1815, the War of 1812 came to an official end.

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in the preceding chapter examined the combat in its absolute form, as the miniature picture of the whole War, we now turn to the relations which it bears to the other parts of the great whole. First we inquire what is more precisely the signification of a combat.

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The arrangement of marches, and the choice of positions depend in this case also upon so many other things, especially on the supply of the Army, on strong natural obstacles in the country, on large towns, &c. &c., that it would be ridiculous pedantry to attempt to show by a geometrical analysis how the pursuer, being able to impose his laws on the retreating enemy, can compel him to march at night while he takes his rest. But nevertheless it is true and practicable that marches in pursuit may be so planned as to have this tendency, and that the efficacy of the pursuit is very much enchanced thereby. If this is seldom attended to in the execution, it is because such a procedure is more difficult for the pursuing Army, than a regular adherence to ordinary marches in the day-time. To start in good time in the morning, to encamp at mid-day, to occupy the rest of the day in providing for the ordinary wants of the Army, and to use the night for repose, is a much more convenient method than to regulate one’s movements exactly according to those of the enemy, therefore to determine nothing till the last moment, to start on the march, sometimes in the morning, sometimes in the evening, to be always for several hours in the presence of the enemy, and exchanging cannon shots with him, and keeping up skirmishing fire, to plan manœuvres to turn him, in short, to make the whole outlay of tactical means which such a course renders necessary. All that naturally bears with a heavy weight on the pursuing Army, and in War, where there are so many burdens to be borne, men are always inclined to strip off those which do not seem absolutely necessary. These observations are true, whether applied to a whole Army or as in the more usual case, to a strong advance-guard. For the reasons just mentioned, this second method of pursuit, this continued pressing of the enemy pursued is rather a rare occurrence; even Buonaparte in his Russian campaign, 1812, practised it but little, for the reasons here apparent, that the difficulties and hardships of this campaign, already threatened his Army with destruction before it could reach its object; on the other hand, the French in their other campaigns have distinguished themselves by their energy in this point also.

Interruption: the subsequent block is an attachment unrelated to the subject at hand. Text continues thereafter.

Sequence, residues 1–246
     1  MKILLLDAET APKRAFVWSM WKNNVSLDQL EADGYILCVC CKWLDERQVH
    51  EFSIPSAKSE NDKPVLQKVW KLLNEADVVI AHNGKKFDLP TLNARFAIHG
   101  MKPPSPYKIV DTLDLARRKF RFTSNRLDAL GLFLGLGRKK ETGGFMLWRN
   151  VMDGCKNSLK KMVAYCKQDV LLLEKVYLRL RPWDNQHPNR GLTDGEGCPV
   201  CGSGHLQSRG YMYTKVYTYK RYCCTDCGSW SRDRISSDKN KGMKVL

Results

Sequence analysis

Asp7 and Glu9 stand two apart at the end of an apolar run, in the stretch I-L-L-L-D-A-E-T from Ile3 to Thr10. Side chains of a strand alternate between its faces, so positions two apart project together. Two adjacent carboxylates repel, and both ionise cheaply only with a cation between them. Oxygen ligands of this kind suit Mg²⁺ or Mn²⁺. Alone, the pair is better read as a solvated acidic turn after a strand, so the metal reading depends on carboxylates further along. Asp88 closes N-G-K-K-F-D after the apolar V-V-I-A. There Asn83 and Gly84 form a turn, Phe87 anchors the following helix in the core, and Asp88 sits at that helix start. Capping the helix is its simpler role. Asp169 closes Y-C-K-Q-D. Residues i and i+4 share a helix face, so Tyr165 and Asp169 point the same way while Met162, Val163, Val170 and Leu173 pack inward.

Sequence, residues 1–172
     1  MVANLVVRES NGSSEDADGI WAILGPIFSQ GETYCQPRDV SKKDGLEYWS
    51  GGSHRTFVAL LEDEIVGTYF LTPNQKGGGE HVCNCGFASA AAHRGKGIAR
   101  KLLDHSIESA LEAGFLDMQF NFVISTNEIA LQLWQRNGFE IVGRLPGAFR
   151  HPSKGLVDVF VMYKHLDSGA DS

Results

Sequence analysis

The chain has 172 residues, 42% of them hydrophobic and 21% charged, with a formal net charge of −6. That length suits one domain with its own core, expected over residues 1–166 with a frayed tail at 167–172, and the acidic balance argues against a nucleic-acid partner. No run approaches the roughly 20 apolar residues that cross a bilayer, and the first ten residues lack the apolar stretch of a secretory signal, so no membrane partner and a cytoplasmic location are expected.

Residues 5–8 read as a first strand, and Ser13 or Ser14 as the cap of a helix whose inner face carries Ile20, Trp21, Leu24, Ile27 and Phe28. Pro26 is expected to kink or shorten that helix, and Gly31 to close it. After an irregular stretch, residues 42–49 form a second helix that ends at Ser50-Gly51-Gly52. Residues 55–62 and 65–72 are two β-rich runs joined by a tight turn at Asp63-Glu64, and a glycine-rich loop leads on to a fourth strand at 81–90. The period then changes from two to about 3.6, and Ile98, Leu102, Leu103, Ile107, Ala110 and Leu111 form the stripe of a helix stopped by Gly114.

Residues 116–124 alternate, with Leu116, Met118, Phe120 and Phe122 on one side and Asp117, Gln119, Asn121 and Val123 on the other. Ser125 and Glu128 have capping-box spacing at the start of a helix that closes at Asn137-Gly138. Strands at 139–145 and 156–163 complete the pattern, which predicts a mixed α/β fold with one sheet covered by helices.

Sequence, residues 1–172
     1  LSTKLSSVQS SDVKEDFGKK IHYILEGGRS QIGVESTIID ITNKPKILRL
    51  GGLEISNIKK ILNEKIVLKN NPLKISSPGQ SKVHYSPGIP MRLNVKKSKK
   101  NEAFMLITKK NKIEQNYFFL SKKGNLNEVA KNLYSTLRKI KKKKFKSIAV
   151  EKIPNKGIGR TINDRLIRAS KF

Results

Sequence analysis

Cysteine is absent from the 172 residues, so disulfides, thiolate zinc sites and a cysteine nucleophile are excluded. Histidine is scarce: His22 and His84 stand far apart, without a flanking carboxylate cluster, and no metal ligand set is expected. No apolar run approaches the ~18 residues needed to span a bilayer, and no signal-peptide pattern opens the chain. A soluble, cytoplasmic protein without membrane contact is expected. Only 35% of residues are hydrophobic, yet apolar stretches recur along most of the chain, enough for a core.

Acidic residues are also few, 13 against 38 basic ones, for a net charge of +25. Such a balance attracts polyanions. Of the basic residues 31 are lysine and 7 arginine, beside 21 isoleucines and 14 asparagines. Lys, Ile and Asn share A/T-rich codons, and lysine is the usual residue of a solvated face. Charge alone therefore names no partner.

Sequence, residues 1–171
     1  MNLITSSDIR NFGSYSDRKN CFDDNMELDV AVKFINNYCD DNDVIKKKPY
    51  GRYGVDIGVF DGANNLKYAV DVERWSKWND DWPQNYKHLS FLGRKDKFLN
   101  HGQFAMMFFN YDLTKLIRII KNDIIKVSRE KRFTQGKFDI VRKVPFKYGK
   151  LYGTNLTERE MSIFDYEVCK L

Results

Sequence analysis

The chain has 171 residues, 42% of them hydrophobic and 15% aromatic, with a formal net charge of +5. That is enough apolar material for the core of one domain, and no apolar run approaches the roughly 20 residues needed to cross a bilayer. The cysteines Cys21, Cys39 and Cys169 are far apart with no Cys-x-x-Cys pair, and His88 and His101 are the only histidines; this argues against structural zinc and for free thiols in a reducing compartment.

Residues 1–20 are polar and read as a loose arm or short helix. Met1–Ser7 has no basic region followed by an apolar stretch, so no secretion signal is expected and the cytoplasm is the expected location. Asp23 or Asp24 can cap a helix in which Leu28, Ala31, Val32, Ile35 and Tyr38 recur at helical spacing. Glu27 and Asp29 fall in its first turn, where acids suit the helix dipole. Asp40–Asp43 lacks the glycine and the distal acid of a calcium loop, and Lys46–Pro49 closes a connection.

and of the naval enterprises and exploits during the war of 1812

This result of our considerations is in fact so necessary, that any other would have made us distrustful of their accuracy. Only thus is explained how so often men have made their appearance with great success in War, and indeed in the higher ranks even in supreme Command, whose pursuits had been previously of a totally different nature; indeed how, as a rule, the most distinguished Generals have never risen from the very learned or really erudite class of officers, but have been mostly men who, from the circumstances of their position, could not have attained to any great amount of knowledge. On that account those who have considered it necessary or even beneficial to commence the education of a future General by instruction in all details have always been ridiculed as absurd pedants. It would be easy to show the injurious tendency of such a course, because the human mind is trained by the knowledge imparted to it and the direction given to its ideas. Only what is great can make it great; the little can only make it little, if the mind itself does not reject it as something repugnant.

American justification for entering the War of 1812.


Essay: The War 1812, essay about war of - bankschuliwlau

From this uncertainty of all intelligence and suppositions, this continual interposition of chance, the actor in War constantly finds things different from his expectations; and this cannot fail to have an influence on his plans, or at least on the presumptions connected with these plans. If this influence is so great as to render the pre-determined plan completely nugatory, then, as a rule, a new one must be substituted in its place; but at the moment the necessary data are often wanting for this, because in the course of action circumstances press for immediate decision, and allow no time to look about for fresh data, often not enough for mature consideration.

Why the War of 1812 still matters - BBC News

From the and resolution we are naturally led to speak of its kindred quality, which in a region of the unexpected like War must act a great part, for it is indeed nothing but a great conquest over the unexpected. As we admire presence of mind in a pithy answer to anything said unexpectedly, so we admire it in a ready expedient on sudden danger. Neither the answer nor the expedient need be in themselves extraordinary, if they only hit the point; for that which as the result of mature reflection would be nothing unusual, therefore insignificant in its impression on us, may as an instantaneous act of the mind produce a pleasing impression. The expression “presence of mind” certainly denotes very fitly the readiness and rapidity of the help rendered by the mind.